April 6, 2012

Titulus Crucis: The King of the Jews

In preparation for Holy Week, a couple weeks back I made a titulus. I had wanted to make one for about a year, and was originally going to make it with letters carved into wood (as is often seen in pictures of the crucifixion). However, after some research I found that the titulus that was placed above the cross, was more likely a board covered with gypsum with red or black lettering. Below are the sources I found and the pictures showing how I made the final product:

“It was customary at Roman executions, at least in the case of remarkable prisoners, for the charge under which the prisoner was suffering to be written briefly on a tablet covered with gypsum. This was usually hung round the neck of the criminal, or carried before him to the place of execution. It was afterwards hung from, or fixed to, the top of the cross.” (A Dictionary of Christ and the Gospels; page 732)

“A plaque (tabula; Greek pinax) was prepared indicating the charge against the prisoner, i.e., the crime or causa poenae of which he had been convicted. ... Blinzer (Trial 254) imagines the writing would have been in red or black lettering on the white gypsum surface of a board. From our chief references to a titulus outside the NT, it appears that such an inscription was frequent but not necessary, that there was considerable latitude in the wording (which could contain a note of sarcasm), and that it could be displayed in several ways.” (The Death of the Messiah, Raymond E. Brown; page 963)

To make the titulus, I first cut a pine board to about 9x18. 

I then took a chisel and tried to make the wood look like it was hand hewn.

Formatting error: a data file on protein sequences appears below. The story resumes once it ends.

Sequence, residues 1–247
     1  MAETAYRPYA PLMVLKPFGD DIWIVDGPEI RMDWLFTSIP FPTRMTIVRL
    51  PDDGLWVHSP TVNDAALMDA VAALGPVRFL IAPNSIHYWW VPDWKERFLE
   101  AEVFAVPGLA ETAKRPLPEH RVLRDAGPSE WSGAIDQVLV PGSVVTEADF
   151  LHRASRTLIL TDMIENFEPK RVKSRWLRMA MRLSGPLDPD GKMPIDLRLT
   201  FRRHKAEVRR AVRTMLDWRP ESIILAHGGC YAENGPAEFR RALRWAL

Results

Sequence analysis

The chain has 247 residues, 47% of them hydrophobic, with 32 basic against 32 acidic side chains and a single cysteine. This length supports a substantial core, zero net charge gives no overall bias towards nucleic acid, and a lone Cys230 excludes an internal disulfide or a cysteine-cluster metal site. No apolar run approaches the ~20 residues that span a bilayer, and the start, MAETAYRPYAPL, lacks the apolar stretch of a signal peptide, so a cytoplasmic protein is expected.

Then came the fun part, aging the board. To do this, I went out, covered it with dirt, and spread the slightly wet dirt all over the board until it was colored and old looking. To get the aged look you do have to rub the dirt in quite a bit.

Next, I used Sheetrock Patching Compound (the dry kind) and created a mixture of "gypsum" for the board. I then added a very small handful of dry dirt to help add specks, and then spread a thin layer of the mixture over the surface of the board.

Next, I created the lettering in Photoshop and printed the image on a sheet of paper. I then placed the paper on the slightly wet gypsum, and with a mechanical pencil, scored the letters into the gypsum. I then painted the letters using red paint. The translation is as follows:

Hebrew: Jesus of Nazareth, King of the Jews
Latin: REX (King) IVDAEORVM (of the Jews)
Greek: ΒΑΣΙΛΕΥΣ (King) ΤΩΝ ΙΟΥΔΑΙΩΝ (of the Jews)

Finally, I hung the board with old looking flax twine, making sure to have enough space so that the titulus could be hung over the neck.

How ironic that the title that Jesus carried on that Friday morning, could not be more true. Truly, he was the King of Jews, the King of kings, and Lord of lords. Good Friday to everyone!


  1. Good job! One thing which is apparent to me, is that the person found the project to be personally meaningful and significant, and did research about the project so far as finding an historically authentic process. Just this evening, I was telling a friend about the importance of learning Hebrew, Greek, and Latin as one studies the Bible.

  2. The letters should have been carved from right to left like the original.

    1. Only the hebrew goes right to left.


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